Diegmann shared figures on elementary, Edison Middle School, and the high school (HSPA) scores. Most showed improvement compared to last year, especially in math, though Language Arts were also improved. Edison, named a "Focus Group school" last year due to the criteria comparing subgroupings within the school (last year, approximately ten Asian students at the top of the scoring were compared with all economically disadvantaged students) had enough improvement to move it out of "Focus School" status, but has to perform at the same level for an additional year to be removed.
Darlene Berg, K-5 Math Supervisor, who was criticized in the past regarding Everyday Math III and her qualifications, appeared to be vindicated as NJ Ask Math Scores in the elementary schools exceeded not only previous district, but GH and most statewide scores.
Language Arts District Supervisor Jim Aquaviva and Math 6-12 Supervisor Frank Ianucci, along with Diegmann, provided input on the initiative efforts of the district to improve Math and Language Arts test scores:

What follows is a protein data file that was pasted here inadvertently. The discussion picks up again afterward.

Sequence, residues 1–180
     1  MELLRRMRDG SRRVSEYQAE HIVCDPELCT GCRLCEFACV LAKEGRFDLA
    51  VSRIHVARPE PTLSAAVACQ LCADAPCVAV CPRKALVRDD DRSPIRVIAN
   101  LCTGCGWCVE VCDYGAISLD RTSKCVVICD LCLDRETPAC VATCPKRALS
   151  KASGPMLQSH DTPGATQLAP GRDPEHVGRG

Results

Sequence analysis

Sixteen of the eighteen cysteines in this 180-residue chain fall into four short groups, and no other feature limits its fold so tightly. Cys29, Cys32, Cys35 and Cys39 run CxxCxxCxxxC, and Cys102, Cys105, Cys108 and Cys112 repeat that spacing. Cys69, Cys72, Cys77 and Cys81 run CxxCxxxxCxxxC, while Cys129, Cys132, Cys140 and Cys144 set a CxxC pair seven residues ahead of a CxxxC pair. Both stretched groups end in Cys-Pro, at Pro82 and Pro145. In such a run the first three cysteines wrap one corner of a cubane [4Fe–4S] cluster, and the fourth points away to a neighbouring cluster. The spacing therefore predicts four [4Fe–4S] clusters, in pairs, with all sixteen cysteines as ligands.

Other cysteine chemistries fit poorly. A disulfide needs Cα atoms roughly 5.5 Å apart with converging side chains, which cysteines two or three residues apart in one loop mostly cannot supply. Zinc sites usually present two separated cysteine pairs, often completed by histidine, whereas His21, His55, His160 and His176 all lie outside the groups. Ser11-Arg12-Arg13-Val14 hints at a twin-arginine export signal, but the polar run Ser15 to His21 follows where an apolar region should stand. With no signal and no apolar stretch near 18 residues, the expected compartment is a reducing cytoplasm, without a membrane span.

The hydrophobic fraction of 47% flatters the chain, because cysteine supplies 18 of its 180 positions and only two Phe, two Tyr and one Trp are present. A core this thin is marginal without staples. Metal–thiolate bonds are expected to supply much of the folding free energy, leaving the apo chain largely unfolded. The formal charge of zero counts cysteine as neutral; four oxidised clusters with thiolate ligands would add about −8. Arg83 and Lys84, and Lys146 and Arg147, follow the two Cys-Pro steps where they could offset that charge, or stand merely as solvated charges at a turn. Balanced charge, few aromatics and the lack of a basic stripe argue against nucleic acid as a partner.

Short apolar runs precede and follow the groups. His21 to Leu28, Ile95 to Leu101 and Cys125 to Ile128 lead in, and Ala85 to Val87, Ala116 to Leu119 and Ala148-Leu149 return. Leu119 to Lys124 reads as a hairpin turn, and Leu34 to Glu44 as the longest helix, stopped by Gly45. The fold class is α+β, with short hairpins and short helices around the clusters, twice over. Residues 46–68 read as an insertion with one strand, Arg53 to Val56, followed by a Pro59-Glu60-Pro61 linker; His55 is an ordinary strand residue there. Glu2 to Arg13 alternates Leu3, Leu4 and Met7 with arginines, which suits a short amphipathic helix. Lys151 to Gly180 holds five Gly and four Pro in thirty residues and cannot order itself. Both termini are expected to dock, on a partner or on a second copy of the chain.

Integration of reading into Social Studies, and Science curriculums as well as Integrated Language Arts.
Reading/Writing Workshop for 7-8 graders
7 periods at LMS and RMS, increasing class time from 46 to 55 minutes
Rotating Block schedule at WOHS
Continuing Benchmark Assessment and Midterm testing at the Middle and High School levels
Feeding information into the Performance Matters Data Bank
Increase Advanced Proficiency at LMS and RMS in Math and ILA classes.
On October 17, the district will hold a "Curriculum Night" at EMS that will provide parents with information and assistance on how to help their children with their homework.
Not all residents were happy, however. Susan Freivald, Co-President of PASSE (a Special Needs group in West Orange), questioned why the district eliminated full-year Seventh Grade reading courses and integrated Eighth grade special needs students into World Language Classes. Interim Superintendent O'Neill responded that the traditional year-long middle school Reading courses have not proven successful in raising test scores or student achievement, and that by integrating more reading components in all courses, that students would be more successful. This was also underscored by Jim Aquaviva throughout the evening.